USDA Seeks Donated Ash Trees To Battle Emerald Ash Borer

By Caleb Burden, Acting Field Lead Technician, USDA APHIS PPQ;
Caleb.Burden@usda.gov or 734-732-0025

Photo of a green ash tree with a small piece of bark cut back shows emerald ash borer larvae feeding on the tree.

A green ash tree with a small piece of bark cut back shows emerald ash borer larvae feeding on the tree. / Photo Credit: USDA APHIS PPS

In the fight against emerald ash borer (EAB), the United States Department of Agriculture (USDA) again asks Wisconsin landowners to donate live, EAB-infested ash trees for use in a biological control program.

The emerald ash borer is an invasive insect from Asia first detected in the United States in 2002. Following its discovery, EAB has caused the death and decline of tens of millions of ash trees.

USDA aims to use the donated ash trees to rear parasitoids that attack EAB larvae. The stingless wasps (Spathius agrili and Tetrastichus planipennisi) are natural enemies of the larva, serving as predators to suppress populations. Rearing the parasitoids in donated ash trees is a crucial first step in the environmentally sound USDA biological control program, designed to preserve and protect ash as a viable part of North American landscapes.

Close-up photo showing an emerald ash borer larva with several Spathius agrili parasitoid larvae feeding on it, eventually killing it.

An emerald ash borer larva is shown with several Spathius agrili parasitoid larvae feeding on it, eventually killing it. / Photo Credit: USDA APHIS PPS

Once grown, the parasitoids are released in infested areas to attack and kill EAB larvae. To date, releases have occurred in 32 states — including Wisconsin — and Washington, D.C.

Wisconsin landowners have donated infested ash trees to the USDA’s biological control program for several years. Because the USDA needs more ash trees to continue this work, the agency again hopes Wisconsin residents will consider donating infested ash trees.

“Our biological control facility in Michigan is one of a kind,” said Nicole Sawallich, acting EAB Biocontrol Facility Manager. “We rear almost a million parasitoid wasps each year and provide them at no cost to our partners for release. We’ve harvested EAB-infested ash in Michigan, Ohio and Wisconsin. And we continue to need Wisconsin’s help.”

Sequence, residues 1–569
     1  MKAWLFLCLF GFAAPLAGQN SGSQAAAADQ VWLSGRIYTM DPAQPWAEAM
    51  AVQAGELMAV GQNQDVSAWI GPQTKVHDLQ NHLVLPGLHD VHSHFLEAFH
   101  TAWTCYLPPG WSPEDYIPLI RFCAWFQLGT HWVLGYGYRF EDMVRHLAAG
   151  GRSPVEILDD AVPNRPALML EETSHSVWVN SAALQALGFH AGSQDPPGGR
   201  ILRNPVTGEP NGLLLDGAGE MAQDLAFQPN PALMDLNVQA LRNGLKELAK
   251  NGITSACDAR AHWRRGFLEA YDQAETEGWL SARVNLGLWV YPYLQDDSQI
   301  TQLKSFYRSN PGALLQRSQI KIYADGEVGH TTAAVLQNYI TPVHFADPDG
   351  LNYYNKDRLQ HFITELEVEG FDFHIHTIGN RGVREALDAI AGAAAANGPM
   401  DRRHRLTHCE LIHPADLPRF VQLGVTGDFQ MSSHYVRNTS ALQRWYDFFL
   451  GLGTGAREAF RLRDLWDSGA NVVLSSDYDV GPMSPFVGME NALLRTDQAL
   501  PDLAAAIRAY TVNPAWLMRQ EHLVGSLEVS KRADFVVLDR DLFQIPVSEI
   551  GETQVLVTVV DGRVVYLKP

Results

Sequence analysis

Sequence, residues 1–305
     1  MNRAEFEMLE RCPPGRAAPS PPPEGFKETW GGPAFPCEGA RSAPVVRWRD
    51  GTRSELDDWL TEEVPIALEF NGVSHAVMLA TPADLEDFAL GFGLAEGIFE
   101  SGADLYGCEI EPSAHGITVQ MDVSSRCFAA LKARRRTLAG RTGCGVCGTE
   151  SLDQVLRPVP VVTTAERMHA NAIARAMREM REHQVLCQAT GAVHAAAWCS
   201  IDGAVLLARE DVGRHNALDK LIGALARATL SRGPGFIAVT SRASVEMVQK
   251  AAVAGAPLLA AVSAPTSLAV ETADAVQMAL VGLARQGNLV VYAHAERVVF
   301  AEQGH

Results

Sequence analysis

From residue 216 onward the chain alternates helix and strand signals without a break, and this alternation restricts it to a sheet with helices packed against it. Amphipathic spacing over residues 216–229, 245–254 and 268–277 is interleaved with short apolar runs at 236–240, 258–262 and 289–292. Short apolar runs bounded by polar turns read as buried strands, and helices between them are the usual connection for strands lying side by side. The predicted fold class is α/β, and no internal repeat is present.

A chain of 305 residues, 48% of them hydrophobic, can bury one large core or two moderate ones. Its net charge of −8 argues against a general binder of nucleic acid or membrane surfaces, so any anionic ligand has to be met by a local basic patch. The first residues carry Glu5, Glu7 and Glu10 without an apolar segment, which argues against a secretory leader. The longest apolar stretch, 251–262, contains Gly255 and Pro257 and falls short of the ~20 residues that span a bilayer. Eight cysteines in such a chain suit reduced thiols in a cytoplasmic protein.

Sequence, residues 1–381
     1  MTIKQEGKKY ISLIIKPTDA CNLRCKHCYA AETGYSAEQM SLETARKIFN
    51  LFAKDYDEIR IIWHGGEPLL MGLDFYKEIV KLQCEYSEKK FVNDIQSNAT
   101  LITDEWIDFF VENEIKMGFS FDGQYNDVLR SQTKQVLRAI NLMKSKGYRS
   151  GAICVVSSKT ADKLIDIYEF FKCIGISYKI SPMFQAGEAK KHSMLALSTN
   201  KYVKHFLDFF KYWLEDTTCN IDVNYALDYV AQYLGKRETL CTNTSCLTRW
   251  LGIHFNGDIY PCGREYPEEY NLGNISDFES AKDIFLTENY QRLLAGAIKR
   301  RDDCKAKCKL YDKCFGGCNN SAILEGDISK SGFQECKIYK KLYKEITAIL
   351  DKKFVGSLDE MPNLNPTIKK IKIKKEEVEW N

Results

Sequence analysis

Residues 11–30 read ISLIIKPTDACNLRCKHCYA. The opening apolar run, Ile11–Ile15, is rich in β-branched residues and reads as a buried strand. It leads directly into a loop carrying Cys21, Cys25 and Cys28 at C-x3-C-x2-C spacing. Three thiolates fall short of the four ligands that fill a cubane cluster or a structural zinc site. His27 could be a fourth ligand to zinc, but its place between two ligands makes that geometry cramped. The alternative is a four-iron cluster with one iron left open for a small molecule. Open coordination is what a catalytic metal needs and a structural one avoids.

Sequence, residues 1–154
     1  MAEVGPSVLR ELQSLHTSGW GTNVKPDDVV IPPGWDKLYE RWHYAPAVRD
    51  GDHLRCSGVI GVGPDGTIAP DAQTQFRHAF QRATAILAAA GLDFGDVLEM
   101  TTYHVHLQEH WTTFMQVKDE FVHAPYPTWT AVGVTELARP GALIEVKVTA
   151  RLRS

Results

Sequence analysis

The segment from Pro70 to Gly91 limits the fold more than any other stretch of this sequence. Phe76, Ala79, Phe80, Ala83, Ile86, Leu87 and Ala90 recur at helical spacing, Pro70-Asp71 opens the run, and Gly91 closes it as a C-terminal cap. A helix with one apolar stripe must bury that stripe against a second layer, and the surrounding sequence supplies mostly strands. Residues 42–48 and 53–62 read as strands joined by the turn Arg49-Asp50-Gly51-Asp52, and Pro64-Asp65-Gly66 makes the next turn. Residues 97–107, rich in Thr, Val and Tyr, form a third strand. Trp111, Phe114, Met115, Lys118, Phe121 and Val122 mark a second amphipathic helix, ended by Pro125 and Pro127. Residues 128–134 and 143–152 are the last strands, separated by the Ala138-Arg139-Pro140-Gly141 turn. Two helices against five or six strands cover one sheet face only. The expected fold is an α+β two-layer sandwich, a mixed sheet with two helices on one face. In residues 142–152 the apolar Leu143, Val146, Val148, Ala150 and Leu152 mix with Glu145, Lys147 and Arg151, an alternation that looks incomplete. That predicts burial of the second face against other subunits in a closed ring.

Ideally, USDA staff is looking for live green ash stands with trees ranging from 8 to 20 inches in diameter. Trees should show significant decline, including cracked or loose bark, dead branches and thinning leaf canopies, and “flecking” damage to bark from woodpeckers feeding on EAB larvae.

The USDA is seeking potential properties in the following east central Wisconsin counties: Brown, Calumet, Kewaunee Manitowoc, Outagamie, Portage, Shawano, Waupaca, Waushara and Winnebago, along with eastern Marathon and Wood counties. The agency wants a minimum donation of 100 green ash trees per harvest site.

Close-up photo of several Tetrastichus planipennisi parasitoid larvae feed and develop inside emerald ash borer larvae.

Several Tetrastichus planipennisi parasitoid larvae feed and develop inside emerald ash borer larvae before completing their life cycle. / Photo Credit: USDA APHIS PPS

“Right now, we are following up on leads for public land areas. They could be potential sites for our ash tree harvest,” said Caleb Burden, acting Biocontrol Field Team Leader. “We spend the summer visiting these sites to determine if the trees fit the necessary criteria. If they do, we mark them for harvest. And we (start to) harvest in mid-to-late January.”

Burden invites property owners to call him at 734-732-0025 if they want more information on donating.

“I can explain how the process works and what they can expect,” he said. “There’s no pressure in deciding. I recommend that property owners take the time to think it over. And we can work with people who have their land in (Wisconsin Department of Natural Resources) Managed Forest Law agreements.”

USDA contractors will harvest trees between January and March. There is no cost to the landowner, and workers will do their best to reduce impacts on the surrounding land.

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